Such notions, however, have a hard time fitting into Mackinnon's view of the world or, rather, the marketability of this view. No, Mr. Mackinnon is more interested in rehashing the Orange political machine's emaciated arguments about "emotions" winning the day (or in this case, losing it) than in seriously reviewing the role Syrian influence played in garnering Aoun's candidate with enough votes to narrowly beat out Gemayel. Votes the regime provided both through the local Baath and SSNP offices it directly controls, and through the votes with which its influence is less direct, such as the Metn's Hizballah-loyal Shiite vote and the pro-Syrian-establishment-loyal Armenian-Tashnag vote. Votes numbering in the thousands.

Instead, Mackinnon almost manages to erase these allegations of Syrian interference through a cursory and almost derisory remark at the bottom of his very forgettable piece, concluding his article with the following line:
"Neither Mr. Gemayel nor his allies took defeat gently yesterday...Saad Hariri and Walid Jumblatt, two key backers of Mr. Siniora's government, charged that Syria had somehow played a role in the by-election." (emphasis mine)
But Mackinnon is not alone in the world of foreign correspondents desperate to transform Lebanon's realities into yet another "evidentiary" piece in their fight to redeem their uninhibited acclamation of their own governments' plans to invade Iraq. Fellow blogger Tony Badran (or Anton Efendi) adds to his ongoing genuiszzz series documenting a number of journalists' failed forays into Middle East (and more specifically, Lebanese) politics and their own attempts at pushing the narrative. His is an excellent blog, with every post well worth the read.


Jebneh Baladieh (3amol ma3roof)

Meanwhile other writers, perhaps more seasoned and certainly better informed, have taken careful note of the election results. Writing in his latest Dailystar op-ed, Michael Young carefully analyzes the election results and their implication on the upcoming presidential race (and no Mr. Mackinnon, Aoun was not immediately made the favourite). Briefly, a man as divisive as Aoun - both on the communal intra-Christian level as well as the inter-sectarian national level - can never and should never be President.

Young also correctly identifies the Armenian Tashnag party's political miscalculation in heeding the calls from Baadbda (or Baabdat) and Bteghrine (on behalf of Damascus, of course), and entering into a head-on confrontation with their Metn Maronite co-habiteurs:
Tashnag committed what could become a historic mistake. The party may have partly been playing hardball with Saad Hariri, in order to get the Armenians two seats back in Beirut in the 2009 elections. But what their support for Khoury effectively did was trash two principles the Armenians always adhered to in the past: siding with the Lebanese state, whatever the cost; and maintaining good relations with a majority of Christians.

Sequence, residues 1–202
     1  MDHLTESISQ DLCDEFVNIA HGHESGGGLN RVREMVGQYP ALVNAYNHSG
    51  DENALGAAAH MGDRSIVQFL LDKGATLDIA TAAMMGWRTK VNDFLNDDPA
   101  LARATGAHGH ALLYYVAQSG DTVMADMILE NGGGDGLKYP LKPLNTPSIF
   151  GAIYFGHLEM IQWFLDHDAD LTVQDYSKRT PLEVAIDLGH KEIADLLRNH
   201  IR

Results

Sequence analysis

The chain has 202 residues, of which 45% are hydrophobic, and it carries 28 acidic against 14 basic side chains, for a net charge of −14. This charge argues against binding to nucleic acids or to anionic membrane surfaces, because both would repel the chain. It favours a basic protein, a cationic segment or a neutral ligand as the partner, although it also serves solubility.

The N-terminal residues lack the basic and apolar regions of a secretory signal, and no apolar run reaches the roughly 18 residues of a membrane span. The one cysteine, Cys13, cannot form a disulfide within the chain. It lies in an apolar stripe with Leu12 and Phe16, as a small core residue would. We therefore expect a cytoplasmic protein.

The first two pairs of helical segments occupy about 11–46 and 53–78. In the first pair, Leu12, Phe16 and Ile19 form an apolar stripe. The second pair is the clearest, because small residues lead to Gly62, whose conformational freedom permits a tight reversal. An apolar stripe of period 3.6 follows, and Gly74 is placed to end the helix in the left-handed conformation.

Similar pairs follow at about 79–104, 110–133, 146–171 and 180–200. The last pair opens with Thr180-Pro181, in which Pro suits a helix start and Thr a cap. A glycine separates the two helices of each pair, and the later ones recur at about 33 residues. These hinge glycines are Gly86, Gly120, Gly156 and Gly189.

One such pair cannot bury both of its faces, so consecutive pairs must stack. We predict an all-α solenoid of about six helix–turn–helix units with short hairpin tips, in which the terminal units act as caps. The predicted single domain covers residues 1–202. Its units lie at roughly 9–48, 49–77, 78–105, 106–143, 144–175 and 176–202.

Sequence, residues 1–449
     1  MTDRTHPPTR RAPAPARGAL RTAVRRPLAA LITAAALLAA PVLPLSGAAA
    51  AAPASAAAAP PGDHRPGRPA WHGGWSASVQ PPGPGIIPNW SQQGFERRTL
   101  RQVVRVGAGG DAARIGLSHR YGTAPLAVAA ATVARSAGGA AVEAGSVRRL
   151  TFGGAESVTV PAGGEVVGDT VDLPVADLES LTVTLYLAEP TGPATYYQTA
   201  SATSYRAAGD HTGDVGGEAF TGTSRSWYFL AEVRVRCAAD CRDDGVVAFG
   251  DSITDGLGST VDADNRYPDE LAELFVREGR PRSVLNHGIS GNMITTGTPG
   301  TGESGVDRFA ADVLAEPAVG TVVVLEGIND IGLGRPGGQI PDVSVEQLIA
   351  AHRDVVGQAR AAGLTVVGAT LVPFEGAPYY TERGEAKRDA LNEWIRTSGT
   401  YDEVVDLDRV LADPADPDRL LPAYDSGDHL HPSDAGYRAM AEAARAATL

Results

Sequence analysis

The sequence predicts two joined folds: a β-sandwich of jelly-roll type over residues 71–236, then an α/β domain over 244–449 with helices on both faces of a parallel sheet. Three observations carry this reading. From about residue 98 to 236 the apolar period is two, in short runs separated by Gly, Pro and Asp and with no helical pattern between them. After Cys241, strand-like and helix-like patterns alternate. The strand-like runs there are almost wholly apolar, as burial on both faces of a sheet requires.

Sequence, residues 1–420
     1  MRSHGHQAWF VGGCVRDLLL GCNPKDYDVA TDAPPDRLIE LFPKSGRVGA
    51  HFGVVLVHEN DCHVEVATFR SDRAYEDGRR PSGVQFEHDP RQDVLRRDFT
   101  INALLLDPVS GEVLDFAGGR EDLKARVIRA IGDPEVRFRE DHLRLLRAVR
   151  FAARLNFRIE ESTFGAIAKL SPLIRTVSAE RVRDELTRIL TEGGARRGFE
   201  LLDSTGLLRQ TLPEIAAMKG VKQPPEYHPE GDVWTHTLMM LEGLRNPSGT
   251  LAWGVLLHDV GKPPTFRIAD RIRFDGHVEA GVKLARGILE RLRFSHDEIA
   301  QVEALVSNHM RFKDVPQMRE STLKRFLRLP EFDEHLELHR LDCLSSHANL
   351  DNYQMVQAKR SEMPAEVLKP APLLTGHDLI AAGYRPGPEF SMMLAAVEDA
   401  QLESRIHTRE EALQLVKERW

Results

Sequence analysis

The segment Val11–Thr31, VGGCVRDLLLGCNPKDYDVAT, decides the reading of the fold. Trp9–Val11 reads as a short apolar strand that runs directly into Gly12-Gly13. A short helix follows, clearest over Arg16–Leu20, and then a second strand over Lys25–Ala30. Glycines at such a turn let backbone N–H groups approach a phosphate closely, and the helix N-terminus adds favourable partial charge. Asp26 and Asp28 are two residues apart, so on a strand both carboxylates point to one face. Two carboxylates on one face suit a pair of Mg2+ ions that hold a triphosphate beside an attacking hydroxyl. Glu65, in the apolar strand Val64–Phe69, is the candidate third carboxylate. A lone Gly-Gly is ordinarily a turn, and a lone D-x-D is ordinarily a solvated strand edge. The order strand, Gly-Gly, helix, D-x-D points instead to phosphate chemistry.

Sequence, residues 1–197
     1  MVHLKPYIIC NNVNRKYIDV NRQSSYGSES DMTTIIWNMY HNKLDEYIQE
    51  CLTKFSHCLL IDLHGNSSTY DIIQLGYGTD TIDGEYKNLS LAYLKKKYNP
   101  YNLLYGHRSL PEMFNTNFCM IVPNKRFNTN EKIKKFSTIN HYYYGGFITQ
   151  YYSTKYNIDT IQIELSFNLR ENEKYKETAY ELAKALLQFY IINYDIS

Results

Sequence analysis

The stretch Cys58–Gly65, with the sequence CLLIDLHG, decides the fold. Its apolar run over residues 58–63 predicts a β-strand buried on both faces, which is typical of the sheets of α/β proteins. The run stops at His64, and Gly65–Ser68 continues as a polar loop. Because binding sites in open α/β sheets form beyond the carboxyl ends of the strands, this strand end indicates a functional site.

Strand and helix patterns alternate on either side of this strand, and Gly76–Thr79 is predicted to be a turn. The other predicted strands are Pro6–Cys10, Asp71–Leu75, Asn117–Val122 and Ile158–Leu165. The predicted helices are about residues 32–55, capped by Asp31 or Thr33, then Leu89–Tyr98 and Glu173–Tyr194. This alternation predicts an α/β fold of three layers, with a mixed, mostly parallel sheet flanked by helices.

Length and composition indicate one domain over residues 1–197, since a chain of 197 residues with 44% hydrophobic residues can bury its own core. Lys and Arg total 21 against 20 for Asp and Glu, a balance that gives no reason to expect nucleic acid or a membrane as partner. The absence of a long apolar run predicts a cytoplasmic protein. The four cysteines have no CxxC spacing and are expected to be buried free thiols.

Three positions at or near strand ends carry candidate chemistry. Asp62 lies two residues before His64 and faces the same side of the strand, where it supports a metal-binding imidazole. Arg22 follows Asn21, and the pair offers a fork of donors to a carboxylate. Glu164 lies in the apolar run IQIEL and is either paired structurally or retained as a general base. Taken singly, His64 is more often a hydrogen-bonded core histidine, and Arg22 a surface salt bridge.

But while the Tashnag may have felt they had a score to settle with the March 14th camp, we can be certain that this score would have been easily put aside had it not been for those calls - be they directly from Damascus or through Baabda and Bteghrine.

Certainly, Amine Gemayel's choice of the Tashnag as the target of his electoral frustrations, along with statistical reports of votes by sect, should provide some degree of clarity. And they do, kinda. If it is indeed true that each candidate received approximately 50% of the Sunni vote, as some news services have reported, then it can only be concluded that these votes, made up almost exclusively of newly-nationalized Syrian citizens (historically used - and nationalized - by the Bteghrinator for the sole purpose of bolstering pro-Syrian votes in his native Metn) were equally split by Michel el Murr in order to guarantee him continued good standing with both the Syrians and the Gemayels - including the rest of the March 14th crew.

And so, with the imported Sunni votes shared among the candidates, the Shiite votes solely owned by Nasrallah (and therefore going to Aoun), and what emerged as an outright win for Gemayel among the Christians of the Metn, we are left with the remaining block of votes directed by an Armenian Tashnag-politburo with strong ties to the country's pro-Syrian President.

Whatever message those Tashnag voters had intended to send to the rest of their compatriots through this highly risky vote, however, it is clear that it was not worth the cost. I leave you with more from Michael Young:
Now Tashnag finds itself on the side of the Syrian-backed opposition, propping up a man who will surely never be president, and doing so against the current of Christian public opinion in the Metn. On top of that, the party has turned Amin Gemayel into an angry enemy. All for what? To get the unknown Camille Khoury into Parliament, in an election process whose legitimacy Aoun didn't even recognize?

Wednesday, August 01, 2007